Thursday, May 8, 2014

[SoftD] - 'Father Figure' - George Michael

In a dramatic turn from Tuesday's SoftD, today I felt compelled to listen to George Michael's epic album Faith. Specifically, 'Father Figure'. Like any good late 80's album, Faith is both overly-dramatic and fantastic, sexy yet serious, and full of lyrical quests for love and identity. George Michael seems to want to both teach and to be taught, and somehow the synthesizers blend in naturally with the soft, strong sound of his voice. 

In the late 80s and early 90s, George Michael ruled the MTV scene. Around that time I discovered that my taste in music was as much influenced by my need to rebel as my need to understand who or what I was rebelling against and why. Like most teenage girls, I spent my time filled with angst; anxious to hurry on through the process of being a child to being an adult, and reign in my emotional and sexual state of mind. On top of that, I had to let go of the main man in my life, my Dad, in order to make room for the men I would eventually date and love. 

It was a long and arduous process, and I spent years thinking I hated my Dad - writing countless, candlelit journal entries about it. When I discovered 'Father Figure', I wasn't trying to replace my father, but rather I envisioned being taken in by a man and taken care of. Ironically, much like my dad had been doing for years.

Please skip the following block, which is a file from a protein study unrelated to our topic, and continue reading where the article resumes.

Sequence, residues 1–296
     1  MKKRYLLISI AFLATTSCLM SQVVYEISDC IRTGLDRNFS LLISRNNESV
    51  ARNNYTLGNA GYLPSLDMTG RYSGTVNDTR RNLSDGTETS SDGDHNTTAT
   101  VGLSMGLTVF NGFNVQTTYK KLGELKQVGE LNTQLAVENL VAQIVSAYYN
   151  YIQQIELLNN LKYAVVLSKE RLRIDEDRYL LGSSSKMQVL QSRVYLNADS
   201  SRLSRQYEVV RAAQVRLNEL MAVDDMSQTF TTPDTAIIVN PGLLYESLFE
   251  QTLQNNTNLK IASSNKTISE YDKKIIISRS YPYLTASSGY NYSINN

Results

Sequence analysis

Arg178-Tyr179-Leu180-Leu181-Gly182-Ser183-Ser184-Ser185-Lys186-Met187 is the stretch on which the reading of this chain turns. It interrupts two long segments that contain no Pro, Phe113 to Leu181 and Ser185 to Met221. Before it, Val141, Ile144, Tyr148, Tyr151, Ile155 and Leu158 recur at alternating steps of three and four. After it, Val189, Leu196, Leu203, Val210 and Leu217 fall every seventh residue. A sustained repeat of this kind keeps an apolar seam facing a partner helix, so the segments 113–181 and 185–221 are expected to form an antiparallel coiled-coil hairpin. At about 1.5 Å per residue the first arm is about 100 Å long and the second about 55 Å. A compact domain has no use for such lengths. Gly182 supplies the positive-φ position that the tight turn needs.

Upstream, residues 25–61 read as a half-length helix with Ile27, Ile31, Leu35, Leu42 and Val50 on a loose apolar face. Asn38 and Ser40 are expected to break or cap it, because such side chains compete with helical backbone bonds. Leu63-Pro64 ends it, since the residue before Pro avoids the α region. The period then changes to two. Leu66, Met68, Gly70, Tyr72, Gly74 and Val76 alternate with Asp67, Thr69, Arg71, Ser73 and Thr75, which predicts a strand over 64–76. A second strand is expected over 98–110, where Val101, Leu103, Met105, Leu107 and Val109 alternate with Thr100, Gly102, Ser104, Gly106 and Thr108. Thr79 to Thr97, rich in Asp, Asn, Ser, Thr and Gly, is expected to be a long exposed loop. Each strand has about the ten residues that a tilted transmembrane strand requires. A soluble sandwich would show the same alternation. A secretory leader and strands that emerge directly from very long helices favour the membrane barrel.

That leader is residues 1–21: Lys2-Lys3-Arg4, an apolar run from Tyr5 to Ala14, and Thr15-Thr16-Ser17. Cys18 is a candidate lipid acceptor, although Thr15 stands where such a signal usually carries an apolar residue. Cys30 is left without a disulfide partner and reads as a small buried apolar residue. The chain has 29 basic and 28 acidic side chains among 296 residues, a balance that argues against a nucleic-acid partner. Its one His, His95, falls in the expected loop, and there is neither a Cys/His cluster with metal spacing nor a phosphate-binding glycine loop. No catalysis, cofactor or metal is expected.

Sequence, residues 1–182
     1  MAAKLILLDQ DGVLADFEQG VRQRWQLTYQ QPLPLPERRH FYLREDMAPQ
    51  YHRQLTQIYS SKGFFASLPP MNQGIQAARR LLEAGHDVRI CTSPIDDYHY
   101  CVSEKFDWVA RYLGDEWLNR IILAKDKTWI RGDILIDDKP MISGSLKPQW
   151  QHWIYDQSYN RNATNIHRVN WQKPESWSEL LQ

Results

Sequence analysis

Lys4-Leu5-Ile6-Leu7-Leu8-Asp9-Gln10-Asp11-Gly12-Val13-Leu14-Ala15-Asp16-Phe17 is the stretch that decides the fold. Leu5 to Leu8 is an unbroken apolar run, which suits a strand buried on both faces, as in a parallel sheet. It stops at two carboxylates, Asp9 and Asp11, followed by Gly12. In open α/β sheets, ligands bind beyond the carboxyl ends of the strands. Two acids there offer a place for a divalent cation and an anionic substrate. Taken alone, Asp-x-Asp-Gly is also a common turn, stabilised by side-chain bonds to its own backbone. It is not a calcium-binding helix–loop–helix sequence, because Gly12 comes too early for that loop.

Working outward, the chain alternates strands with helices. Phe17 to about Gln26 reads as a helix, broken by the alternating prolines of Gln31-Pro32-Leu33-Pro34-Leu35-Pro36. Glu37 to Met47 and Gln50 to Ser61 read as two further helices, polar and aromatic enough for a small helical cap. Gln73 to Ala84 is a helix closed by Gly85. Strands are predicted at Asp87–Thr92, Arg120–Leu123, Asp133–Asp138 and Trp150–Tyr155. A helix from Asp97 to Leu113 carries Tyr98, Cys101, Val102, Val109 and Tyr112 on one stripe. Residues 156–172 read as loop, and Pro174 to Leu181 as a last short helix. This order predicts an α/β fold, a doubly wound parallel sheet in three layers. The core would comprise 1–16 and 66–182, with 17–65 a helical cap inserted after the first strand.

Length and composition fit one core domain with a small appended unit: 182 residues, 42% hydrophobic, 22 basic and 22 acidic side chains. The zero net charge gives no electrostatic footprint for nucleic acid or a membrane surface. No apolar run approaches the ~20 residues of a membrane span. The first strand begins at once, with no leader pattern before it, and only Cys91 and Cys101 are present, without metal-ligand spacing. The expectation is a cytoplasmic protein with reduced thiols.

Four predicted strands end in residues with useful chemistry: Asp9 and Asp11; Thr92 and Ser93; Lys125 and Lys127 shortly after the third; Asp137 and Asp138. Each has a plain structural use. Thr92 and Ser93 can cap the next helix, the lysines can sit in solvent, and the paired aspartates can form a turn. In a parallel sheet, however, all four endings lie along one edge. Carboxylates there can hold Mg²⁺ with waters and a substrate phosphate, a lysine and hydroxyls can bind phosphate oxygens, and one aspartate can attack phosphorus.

Maybe it's way too Freudian, but understanding George Michael's use of the term 'father figure' as an allegory for his hunt to find the kind of love and support you would have in that relationship, but this time in your lover sort of blew my mind. I'd like to think that my tiny hand will fit into his, whoever he may be, without having to bring my Dad into it, but let's get real. Every man I will ever date will inevitably have to contend with the fact that I've spent most of my life understanding men through understanding my Dad. Sorry ladies, but there it is. I'm even so much like him that I could be a goddamn father figure if someone needed me to be. But I digress. Get back to George Michael, and try not to think about Michael Cera when you do so.     

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